4. What are some workshop highlights from this years’ programming committee?

Joe: The entire program is just so amazing. I’m really looking forward to each of the Keynote speakers we have the great fortune of having at the conference. Jeanne Cordova brings with her such a rich history from her work with The Lesbian Tide, to her present work with GenderPlay. S. Bear Bergman has that ability to cross various gender avenues and at the same time give pointers on chivalry. Malkia “Mac” Cyril, from the Center for Media Justice, brings her passion and various well-honed skills for using media in grassroots efforts to help others in creating change. The Intergenerational Panel is one that I’m really looking forward to. We have panelists with ages ranging from 20’s to 70’s presenting. I’m also looking forward to Cheryl Dunye’s session on the images of Butches and Studs in the media. Another person we’re thrilled to have is Ivan E. Coyote, an award winning writer and performer. Ivan is doing multiple duties as presenter with the session, “Bootcamp for Procrastinators” and as a performer in both the Saturday night Butch Nation performance and Sunday’s Spoken Word. As well, we recently confirmed Kimberly Peirce, the writer and director of Boys Don’t Cry and Stop-Loss, and Jack Halberstam who will be participating in two sessions over the weekend. I am completely stoked for this conference. The entire weekend is jam-packed with so much great stuff and I’m thoroughly pleased with the entire line-up of events we are offering to our attendees.

5. What do you hope people will get out of the Butch Voices conference?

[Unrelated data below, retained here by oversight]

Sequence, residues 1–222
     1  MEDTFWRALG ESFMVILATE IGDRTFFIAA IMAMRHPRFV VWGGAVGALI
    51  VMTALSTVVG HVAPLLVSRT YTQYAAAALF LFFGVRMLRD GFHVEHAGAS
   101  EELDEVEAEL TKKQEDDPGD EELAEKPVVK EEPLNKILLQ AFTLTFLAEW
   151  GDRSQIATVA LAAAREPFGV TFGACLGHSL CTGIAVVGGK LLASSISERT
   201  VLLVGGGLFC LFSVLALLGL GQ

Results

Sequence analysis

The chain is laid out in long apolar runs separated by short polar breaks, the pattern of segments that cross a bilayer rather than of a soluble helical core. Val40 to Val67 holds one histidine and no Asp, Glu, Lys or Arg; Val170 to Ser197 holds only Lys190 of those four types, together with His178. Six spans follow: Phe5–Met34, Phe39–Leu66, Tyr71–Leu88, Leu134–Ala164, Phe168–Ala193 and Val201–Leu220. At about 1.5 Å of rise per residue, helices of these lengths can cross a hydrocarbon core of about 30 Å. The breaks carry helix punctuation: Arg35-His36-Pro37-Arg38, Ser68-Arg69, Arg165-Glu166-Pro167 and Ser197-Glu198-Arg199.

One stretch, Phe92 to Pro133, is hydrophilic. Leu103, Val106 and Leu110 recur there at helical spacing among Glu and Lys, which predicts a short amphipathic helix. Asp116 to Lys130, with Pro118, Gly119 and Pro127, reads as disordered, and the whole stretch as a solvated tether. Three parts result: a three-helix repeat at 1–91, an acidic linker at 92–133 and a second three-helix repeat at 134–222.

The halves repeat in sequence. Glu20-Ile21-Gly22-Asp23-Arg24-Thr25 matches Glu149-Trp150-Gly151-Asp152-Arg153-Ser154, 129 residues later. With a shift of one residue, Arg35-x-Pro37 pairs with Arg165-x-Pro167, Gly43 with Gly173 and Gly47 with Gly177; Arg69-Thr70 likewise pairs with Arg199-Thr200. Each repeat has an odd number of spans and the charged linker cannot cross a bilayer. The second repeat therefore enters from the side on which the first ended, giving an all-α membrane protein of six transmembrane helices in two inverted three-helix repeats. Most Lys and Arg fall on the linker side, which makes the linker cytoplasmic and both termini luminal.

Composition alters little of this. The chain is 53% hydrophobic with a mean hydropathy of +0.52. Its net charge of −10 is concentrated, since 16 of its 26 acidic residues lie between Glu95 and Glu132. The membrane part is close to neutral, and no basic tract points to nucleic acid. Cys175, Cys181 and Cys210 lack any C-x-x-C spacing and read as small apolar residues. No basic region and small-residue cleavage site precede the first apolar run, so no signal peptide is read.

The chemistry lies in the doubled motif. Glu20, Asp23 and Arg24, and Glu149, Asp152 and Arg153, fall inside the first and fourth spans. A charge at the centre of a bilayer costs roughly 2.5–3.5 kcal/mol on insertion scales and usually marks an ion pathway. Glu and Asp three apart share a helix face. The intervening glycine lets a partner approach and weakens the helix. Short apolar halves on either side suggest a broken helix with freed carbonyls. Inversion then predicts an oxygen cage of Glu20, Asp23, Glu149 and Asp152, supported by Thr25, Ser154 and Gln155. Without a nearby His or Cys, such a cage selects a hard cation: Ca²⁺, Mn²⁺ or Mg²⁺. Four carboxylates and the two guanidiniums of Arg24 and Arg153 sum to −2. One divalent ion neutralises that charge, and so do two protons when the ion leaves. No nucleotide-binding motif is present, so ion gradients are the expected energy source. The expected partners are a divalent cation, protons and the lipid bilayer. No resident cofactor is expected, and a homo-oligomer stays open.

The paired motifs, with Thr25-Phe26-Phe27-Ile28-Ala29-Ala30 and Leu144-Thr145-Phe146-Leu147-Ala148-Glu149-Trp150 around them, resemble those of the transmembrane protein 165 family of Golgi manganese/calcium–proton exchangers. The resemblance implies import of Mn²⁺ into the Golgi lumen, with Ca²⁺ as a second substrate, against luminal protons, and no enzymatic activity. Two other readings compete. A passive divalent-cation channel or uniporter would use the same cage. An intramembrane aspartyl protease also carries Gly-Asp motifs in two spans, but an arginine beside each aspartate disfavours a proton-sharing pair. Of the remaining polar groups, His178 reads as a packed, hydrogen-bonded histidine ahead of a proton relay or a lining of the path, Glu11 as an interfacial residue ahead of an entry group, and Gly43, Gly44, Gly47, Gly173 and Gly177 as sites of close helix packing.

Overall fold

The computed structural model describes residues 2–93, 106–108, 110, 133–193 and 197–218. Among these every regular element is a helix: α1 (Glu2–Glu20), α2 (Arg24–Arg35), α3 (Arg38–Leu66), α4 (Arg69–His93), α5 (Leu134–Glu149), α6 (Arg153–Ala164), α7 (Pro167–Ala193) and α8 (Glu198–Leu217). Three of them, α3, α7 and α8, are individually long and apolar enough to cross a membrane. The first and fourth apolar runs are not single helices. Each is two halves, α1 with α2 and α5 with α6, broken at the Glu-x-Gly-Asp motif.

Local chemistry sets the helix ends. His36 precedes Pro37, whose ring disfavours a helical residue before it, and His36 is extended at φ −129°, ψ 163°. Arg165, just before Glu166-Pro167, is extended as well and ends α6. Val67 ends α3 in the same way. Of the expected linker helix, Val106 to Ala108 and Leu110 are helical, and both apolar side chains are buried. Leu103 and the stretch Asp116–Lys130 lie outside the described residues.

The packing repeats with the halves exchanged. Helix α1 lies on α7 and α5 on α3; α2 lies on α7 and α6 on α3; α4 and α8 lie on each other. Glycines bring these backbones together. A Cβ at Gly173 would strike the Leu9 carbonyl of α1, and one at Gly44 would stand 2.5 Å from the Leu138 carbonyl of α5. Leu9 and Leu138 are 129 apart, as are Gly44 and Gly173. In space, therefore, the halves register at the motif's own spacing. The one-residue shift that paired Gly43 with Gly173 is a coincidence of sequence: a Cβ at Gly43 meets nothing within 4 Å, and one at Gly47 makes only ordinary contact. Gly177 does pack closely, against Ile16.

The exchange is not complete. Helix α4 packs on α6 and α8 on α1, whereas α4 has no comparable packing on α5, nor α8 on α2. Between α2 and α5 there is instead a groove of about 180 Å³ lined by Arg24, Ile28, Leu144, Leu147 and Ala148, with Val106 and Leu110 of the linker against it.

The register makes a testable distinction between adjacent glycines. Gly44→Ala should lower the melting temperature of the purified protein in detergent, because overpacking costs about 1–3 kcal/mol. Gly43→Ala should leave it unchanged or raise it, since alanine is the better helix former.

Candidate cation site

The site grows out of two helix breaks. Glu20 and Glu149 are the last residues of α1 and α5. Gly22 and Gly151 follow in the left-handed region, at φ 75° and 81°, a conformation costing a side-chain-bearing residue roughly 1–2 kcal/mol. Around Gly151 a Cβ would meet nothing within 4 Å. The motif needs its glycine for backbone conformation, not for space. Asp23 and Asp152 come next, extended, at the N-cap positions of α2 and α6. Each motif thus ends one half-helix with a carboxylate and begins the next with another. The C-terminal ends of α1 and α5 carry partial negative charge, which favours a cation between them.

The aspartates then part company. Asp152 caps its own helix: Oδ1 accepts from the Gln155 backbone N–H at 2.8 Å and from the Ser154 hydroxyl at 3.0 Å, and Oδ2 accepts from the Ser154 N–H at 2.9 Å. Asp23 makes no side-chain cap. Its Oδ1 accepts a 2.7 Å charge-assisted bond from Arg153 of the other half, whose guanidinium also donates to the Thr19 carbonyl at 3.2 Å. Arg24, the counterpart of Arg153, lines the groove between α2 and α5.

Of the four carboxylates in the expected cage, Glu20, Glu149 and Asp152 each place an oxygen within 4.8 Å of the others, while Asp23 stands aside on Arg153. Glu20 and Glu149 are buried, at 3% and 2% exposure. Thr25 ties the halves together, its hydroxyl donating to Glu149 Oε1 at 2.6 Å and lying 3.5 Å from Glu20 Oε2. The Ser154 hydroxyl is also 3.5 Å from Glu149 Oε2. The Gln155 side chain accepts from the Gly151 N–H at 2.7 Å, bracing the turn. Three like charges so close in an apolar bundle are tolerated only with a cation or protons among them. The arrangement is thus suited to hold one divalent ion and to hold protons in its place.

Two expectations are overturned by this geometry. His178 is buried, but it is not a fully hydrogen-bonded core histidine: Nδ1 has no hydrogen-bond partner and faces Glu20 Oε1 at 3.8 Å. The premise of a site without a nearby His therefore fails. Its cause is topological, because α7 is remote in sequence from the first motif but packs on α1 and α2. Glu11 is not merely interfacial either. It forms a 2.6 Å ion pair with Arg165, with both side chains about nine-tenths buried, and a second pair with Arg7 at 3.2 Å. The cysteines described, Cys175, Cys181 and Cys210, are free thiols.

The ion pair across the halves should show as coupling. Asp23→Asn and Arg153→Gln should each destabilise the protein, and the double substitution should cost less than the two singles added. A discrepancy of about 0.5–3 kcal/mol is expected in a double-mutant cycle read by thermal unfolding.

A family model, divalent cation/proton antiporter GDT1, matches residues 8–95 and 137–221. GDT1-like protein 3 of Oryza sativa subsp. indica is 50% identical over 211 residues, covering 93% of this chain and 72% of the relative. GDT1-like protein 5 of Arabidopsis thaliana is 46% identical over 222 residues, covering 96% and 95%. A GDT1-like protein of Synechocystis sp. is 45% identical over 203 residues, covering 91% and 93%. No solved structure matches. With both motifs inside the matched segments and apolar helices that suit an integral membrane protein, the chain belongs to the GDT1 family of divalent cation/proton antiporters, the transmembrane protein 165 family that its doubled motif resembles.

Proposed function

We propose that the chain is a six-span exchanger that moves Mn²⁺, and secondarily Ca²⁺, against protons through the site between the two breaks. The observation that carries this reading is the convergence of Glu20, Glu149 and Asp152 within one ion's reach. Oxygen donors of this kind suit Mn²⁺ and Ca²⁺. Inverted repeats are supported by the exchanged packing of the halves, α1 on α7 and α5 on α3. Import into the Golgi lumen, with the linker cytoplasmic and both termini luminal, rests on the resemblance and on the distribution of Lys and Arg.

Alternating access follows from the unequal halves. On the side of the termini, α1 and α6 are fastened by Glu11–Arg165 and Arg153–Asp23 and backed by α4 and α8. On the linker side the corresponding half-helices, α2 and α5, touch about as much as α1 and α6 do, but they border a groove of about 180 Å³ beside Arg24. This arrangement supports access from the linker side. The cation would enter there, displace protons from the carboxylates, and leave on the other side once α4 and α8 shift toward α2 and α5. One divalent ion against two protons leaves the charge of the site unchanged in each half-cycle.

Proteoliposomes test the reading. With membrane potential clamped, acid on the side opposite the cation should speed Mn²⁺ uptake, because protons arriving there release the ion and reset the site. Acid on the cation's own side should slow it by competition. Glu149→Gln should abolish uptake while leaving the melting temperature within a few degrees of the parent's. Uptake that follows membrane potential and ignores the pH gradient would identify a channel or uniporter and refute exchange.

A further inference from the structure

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Q Ragsdale (BV Outreach/Media Chair): I hope that conference attendees will leave with a broader perspective of our community, understanding that though we are all very similar, at the same time, we are so diverse and that all the flavors of Stud, Butch, AG, Tomboi and transmasculine identities should be united through celebration. It is not easy being who we are and I also want people to leave knowing that there is an overwhelming amount of us in this world. There should always be an ear to listen, a hand to extend to another, or a shoulder to lean on because none of us are alone.

6. What do you see as the role of allies (Femmes and non-Butch/Aggressive/Stud identified folks) at the conference?

Krys: Allies have a place at Butch Voices because they are the ones there supporting us, having our backs and holding us down when people malign us, call us names, or try to ridicule and ostracize us in public. Our allies affirm our humanity and they can speak to others from a more objective space about who we are and why they support and love us. Without alliances social movements can’t happen.

7. Anything else you’d like to say about the conference?

Q: This is only the beginning. We are on a mission to spread our message that there is no strict set of criteria that one must adhere to in order to identify as Stud/Butch/Ag or a mixture of any identities. Mainstream society, the L Word, characters in movies, the LGBT community as a whole and even some of us, do not determine who we are. We define ourselves individually but celebrate each other collectively. Together our VOICES will be heard!

Joe: Thank you for your questions and for your support as a Femme ally, Bevin. I definitely want to remind folks that they don’t have to necessarily be Butch, Stud, AG, or Tomboi identified to attend the conference, we have lots of love for our allies – Femme and otherwise – at the conference. We need our allies to attend as well, to learn with us and share their voices on these topics also. The first Butch Voices Conference is going to be amazing. We have a fantastic line-up that is going to blow everyone away and really make this such a fantastic event. Registration is still open and folks can get tickets for the individual events, as well as one, two, or four day passes for the conference. Be sure to visit the Butch Voices website www.butchvoices.com for more information and to register today.